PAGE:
In today’s technological age, we are more connected—and yet more lonely—than ever before. But God has more for us.
CREATED FOR RELATIONSHIP
"It is not good for man to be alone." – Genesis 2:18
Shortly after forming the first human being, this is one of the first things God said about His new creation. It was a declaration that man was never meant to live alone, never meant to glorify God in isolation, never meant to enjoy Eden by himself. It was a declaration that we were made in the image of a Triune God—designed reflect the perfect love abounding between Father, Son, and Holy Spirit.
Fast forward to today, and we are craving intimacy and meaning as never before. We binge Netflix dramas and scroll through endless newsfeeds to satisfy our longings—and meanwhile, we don’t even know our own neighbors. At the end of the day, the inbox is full—but the living room is empty.
A SOCIAL EPIDEMIC
"The most common ailment I saw as a doctor was not heart disease or diabetes. It was loneliness." – Vivek Murthy, Former U.S. Surgeon General
Loneliness is a heartbreaking struggle because it's a war waged in silence.
In America today, nearly half of adults report chronic feelings of loneliness and isolation, with young people reporting the highest numbers. Doctors and researchers are now saying that loneliness may even be a greater public health risk than obesity.
This isn't just a problem of socialization, where someone feels sad because they can't make or maintain meaningful friendships. Loneliness is a sense of profound spiritual and physical brokenness that often manifests itself physically in the form of depression, weight gain, heart disease, or arthritis. It’s a vicious cycle where the more isolated you feel, the more destructive your thoughts become—and the harder it is to reach out for help.
There is perhaps no more alarming indicator of the epidemic of loneliness, depression, and hopelessness our culture is facing today than a statistic recently released by the CDC: Since 1999, suicides have increased by 25%. And as we hear of one suicide after another in the media, many loved ones are saying, "I had no idea. I didn't see the signs."
Loneliness is a heartbreaking struggle because it’s a war waged in silence. No one knows you are lonely, and the enemy of your soul would love to keep it that way. How can we break the cycle?
COMING OUT OF HIDING
"Carry each other's burdens, and in this way you will fulfill the law of Christ." – Galatians 6:2
At the deepest level, this is a spiritual crisis that only Jesus Christ can answer.
As Christians, we have unique insight into loneliness and hopelessness, therefore, a unique responsibility to answer it. The opening chapters of the Bible paint a picture of the perfect community we were made for. Man, woman, and God are at peace with each other. Adam and Eve's "nakedness" signified a complete emotional openness, and their marriage would set the foundation for all society and culture as well. But then sin came in—and loneliness entered the picture.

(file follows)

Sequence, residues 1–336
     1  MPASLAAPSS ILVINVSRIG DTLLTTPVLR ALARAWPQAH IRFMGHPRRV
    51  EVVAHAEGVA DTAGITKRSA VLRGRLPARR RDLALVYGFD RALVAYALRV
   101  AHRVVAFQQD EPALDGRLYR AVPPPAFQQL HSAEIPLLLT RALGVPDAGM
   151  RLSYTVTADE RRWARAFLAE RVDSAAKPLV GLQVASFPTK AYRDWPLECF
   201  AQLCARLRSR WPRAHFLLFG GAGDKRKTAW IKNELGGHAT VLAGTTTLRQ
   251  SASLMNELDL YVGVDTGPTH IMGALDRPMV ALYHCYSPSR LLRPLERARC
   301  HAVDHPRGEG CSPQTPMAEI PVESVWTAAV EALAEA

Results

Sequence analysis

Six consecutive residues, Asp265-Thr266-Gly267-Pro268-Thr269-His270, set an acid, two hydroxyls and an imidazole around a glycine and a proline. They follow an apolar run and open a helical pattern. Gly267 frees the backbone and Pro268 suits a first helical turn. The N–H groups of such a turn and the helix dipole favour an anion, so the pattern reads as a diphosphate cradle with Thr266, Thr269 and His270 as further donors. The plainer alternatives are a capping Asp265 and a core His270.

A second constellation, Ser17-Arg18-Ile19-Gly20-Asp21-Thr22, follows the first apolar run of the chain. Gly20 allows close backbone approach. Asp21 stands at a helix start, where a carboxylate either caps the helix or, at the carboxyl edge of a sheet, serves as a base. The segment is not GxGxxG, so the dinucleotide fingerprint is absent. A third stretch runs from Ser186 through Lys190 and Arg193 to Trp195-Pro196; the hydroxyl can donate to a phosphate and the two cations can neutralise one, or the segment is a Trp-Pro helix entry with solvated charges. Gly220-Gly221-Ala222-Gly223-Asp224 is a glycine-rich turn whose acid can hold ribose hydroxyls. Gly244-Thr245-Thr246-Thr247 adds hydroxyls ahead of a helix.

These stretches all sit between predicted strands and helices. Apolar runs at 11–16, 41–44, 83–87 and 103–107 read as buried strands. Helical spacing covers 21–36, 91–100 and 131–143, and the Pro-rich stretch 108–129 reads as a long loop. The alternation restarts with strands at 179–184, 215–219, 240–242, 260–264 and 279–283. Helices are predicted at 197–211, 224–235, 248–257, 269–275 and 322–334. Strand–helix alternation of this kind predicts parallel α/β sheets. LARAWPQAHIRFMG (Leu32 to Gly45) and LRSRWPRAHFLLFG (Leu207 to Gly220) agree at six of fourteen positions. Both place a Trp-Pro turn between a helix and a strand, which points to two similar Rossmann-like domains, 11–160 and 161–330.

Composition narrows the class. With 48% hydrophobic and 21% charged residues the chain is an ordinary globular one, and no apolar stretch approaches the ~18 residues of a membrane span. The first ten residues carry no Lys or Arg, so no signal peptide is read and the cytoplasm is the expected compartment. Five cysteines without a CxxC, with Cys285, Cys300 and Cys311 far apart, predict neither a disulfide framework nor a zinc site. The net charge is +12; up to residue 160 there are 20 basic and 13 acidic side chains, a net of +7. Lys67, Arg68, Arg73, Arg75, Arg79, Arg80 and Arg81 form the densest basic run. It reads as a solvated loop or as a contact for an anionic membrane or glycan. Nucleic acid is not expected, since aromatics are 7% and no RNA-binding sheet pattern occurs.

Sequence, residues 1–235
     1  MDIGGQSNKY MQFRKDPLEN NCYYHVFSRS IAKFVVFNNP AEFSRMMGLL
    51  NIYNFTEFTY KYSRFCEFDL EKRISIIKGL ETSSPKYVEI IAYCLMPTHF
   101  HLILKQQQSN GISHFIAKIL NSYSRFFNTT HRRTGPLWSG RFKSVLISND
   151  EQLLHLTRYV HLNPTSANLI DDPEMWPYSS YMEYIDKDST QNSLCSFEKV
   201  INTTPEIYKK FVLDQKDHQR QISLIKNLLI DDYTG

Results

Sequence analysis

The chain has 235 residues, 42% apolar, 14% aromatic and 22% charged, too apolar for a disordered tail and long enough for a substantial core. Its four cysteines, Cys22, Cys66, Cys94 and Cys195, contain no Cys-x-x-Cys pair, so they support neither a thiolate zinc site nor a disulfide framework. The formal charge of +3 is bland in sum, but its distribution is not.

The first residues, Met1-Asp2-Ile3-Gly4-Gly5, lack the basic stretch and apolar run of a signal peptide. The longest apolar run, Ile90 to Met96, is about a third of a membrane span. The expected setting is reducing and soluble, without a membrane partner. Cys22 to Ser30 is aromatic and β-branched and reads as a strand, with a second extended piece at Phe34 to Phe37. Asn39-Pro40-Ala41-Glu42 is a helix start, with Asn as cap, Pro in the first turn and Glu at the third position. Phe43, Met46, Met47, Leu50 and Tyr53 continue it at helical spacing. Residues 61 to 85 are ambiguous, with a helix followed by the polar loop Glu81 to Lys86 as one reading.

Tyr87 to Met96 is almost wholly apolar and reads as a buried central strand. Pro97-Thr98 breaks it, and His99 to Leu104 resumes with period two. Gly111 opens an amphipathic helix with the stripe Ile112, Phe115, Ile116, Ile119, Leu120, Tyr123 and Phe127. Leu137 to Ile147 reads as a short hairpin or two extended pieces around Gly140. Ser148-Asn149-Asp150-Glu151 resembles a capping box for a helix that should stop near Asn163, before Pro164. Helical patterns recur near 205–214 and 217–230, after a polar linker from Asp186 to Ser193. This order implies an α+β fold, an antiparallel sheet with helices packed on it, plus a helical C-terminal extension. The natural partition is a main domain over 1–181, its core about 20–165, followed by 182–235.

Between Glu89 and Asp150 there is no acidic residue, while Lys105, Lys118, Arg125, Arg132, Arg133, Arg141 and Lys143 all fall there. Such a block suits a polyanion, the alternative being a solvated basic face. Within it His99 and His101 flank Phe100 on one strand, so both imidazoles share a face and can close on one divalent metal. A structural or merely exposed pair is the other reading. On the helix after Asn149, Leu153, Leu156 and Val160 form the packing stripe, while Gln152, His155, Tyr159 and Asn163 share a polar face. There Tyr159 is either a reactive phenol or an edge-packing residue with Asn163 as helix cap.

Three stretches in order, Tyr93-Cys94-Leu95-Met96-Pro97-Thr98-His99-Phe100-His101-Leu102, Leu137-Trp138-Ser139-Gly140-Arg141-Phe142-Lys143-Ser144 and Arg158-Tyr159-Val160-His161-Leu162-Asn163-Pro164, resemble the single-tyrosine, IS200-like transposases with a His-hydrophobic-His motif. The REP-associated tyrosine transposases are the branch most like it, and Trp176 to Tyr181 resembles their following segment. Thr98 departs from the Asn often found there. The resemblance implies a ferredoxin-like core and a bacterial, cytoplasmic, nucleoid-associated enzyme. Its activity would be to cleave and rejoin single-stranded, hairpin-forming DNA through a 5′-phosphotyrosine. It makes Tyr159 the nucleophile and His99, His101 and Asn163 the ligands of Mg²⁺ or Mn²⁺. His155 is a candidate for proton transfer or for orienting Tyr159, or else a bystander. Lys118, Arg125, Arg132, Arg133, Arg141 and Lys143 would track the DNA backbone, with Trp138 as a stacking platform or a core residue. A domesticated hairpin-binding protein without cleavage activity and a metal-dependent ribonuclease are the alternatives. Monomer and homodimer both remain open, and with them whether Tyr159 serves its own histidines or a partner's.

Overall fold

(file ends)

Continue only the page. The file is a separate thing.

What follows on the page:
But God. Out of His infinite love and mercy, while we were yet sinners—rushing toward the cosmic, eternal loneliness that is sinful separation from God—Christ died to restore us to eternal friendship with God and our neighbors. Overcoming our loneliness therefore begins with knowing, first and foremost, that we are deeply known and accepted by God. And it continues by taking the risk of knowing and being known by our fellow brothers and sisters in Christ.
If you are fortunate enough to have a strong sense of Christian community, consider that you enjoy this because of God's generosity to you. How might you invite the lonely into the gracious community He has given you? Consider ways that you can step out of your comfort zone and "love your neighbor as yourself" (Mark 12:31).
If you are feeling lonely, look upon God and see His love for you through His Son. Be encouraged: The loneliness you now experience is temporary. Even now God is preparing an eternal home for you with Him (John 14:2-3). Feel confident in God's love for you as you look for opportunities to develop friendship. Take the risk of picking up the phone, meeting with a friend, asking for prayer, or initiating a meaningful conversation.
We all need a community that we can laugh, cry, and bleed with—a family to go to battle with, grieve with, and celebrate our victories with. It's a gift from God that is worth fighting for.
The Bible describes Christ's reunion with the church as a great wedding feast (Revelation 19:6-9). Every act of deliberate community, even offering a cold cup of water (Matthew 10:42), foreshadows that moment when we will enter everlasting, joyful friendship with God and each other—never to be lonely again. Through Christ's blood, we can have a taste of that fellowship right now. So let us seek out community and befriend the lonely, knowing that in doing so, we follow the example of Christ Himself.
If you are struggling with thoughts of suicide, please call the national suicide prevention hotline: 1-800-273-8255.